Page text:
Senior Security Specialist
Jim Nitterauer is currently a Senior Security Specialist at AppRiver, LLC. His team is responsible for global network deployments and manages the SecureSurf global DNS infrastructure and SecureTide global SPAM & Virus filtering infrastructure as well as all internal applications. The team also manages IT security for the entire company.
Jim has over 20 years experience in the IT industry. He currently holds a CISSP certification in addition to a Bachelor of Science degree with a major in biology from Ursinus College and a Master of Science degree with a major in microbiology and biochemistry from the University of Alabama. He is a 2000 graduate of Leadership Santa Rosa and a 2001 graduate of Leadership Pensacola.
Jim has presented at many conferences both locally and nationally including BSides Las Vegas, NolaCon, ITEN Wired and other smaller events. He is a regular contributor to the Tripwire Blog and Peerlyst. He served as President and CEO of GridSouth Networks, LLC, a joint venture between Creative Data Concepts Limited Inc. and AppRiver, LLC. Jim is also the founder and President of Creative Data Concepts Limited, Inc., a well-known Web services provider that's been located in Pensacola, Florida since 1998.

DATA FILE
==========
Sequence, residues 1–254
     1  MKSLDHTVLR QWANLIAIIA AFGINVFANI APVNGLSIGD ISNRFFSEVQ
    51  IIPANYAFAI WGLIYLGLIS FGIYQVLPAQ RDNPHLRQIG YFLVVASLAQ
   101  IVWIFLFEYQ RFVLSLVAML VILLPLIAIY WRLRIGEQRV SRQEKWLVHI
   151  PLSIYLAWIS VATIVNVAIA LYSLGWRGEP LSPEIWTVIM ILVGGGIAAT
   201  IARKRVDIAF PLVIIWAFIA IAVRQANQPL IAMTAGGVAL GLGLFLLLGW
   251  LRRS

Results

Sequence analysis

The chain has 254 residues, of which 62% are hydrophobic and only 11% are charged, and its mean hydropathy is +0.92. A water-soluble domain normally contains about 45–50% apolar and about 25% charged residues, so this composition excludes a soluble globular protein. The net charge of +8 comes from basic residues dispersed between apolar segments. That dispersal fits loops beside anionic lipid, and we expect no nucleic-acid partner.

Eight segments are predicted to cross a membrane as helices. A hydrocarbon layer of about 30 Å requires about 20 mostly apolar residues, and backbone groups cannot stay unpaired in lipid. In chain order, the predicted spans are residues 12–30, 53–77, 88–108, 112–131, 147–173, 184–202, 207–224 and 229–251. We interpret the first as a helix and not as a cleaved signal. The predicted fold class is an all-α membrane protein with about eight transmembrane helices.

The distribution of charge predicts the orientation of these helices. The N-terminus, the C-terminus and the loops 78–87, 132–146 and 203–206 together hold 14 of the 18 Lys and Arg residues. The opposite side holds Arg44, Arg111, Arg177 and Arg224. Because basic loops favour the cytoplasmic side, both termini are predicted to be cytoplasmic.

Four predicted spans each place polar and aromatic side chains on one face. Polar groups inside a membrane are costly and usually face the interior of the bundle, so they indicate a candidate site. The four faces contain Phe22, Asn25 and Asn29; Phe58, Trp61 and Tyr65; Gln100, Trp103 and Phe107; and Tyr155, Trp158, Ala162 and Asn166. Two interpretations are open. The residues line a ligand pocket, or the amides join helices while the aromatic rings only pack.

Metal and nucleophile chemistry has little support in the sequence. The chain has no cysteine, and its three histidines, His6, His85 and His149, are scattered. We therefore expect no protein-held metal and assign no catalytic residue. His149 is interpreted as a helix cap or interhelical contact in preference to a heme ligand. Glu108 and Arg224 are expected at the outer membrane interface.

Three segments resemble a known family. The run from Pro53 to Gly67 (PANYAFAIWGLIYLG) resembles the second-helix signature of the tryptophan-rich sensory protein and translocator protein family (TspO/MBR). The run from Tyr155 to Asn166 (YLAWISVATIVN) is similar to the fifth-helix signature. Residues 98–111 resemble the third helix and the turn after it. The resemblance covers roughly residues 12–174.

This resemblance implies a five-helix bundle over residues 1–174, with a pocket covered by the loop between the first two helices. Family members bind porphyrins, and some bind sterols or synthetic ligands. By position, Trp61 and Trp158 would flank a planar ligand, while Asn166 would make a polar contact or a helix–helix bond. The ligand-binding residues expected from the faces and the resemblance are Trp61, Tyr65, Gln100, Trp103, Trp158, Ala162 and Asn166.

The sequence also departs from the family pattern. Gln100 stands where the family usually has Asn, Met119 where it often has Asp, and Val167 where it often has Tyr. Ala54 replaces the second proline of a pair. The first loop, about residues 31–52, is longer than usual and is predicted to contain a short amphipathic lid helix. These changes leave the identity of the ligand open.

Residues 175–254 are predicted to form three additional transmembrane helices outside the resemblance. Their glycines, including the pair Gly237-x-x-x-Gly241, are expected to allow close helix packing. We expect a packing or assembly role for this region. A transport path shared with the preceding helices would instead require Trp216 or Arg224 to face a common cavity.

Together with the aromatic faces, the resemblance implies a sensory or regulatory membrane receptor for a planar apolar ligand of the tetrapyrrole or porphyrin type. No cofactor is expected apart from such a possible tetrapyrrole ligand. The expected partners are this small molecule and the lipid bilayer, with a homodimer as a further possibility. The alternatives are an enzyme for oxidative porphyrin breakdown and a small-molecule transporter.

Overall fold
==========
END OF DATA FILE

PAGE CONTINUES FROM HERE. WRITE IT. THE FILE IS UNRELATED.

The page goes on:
In addition to his work at AppRiver, he devotes his time to advancing IT security awareness and investigating novel ways to implement affordable security controls.
Be honest – do you cringe when you hear others using the word “cyber?” You are not alone. And now that the media uses “cyber” in every conceivable context, the public is completely confused. If you ask ten people what “cyber” means, you will get ten different answers! Many in our profession continue to perpetuate these lexical faux pas, parroting what they hear without fully understanding the meaning of what they are saying. At many talks, attendees play games often betting on the number of times “cyber” will be used in each talk!
As specialists in information security, we should be choosing our words carefully and conveying the clear meaning of those words. Allowing the media and other non-technical people to dictate the language we use to describe the intricacies of our profession leads to more harm than good. The InfoSec world is changing rapidly and we should be the ones leading the way. Using the proper language is critical to better understanding for everyone.
This talk will dig into the evolution of the use of “cyber” while attempting define the proper terms we all should be using to describe the various realms of our profession. We will examine these realms and set a solid lexical foundation that will help us all be better prepared when explaining highly technical concepts to the average non-technical person. The goal – better security for everyone.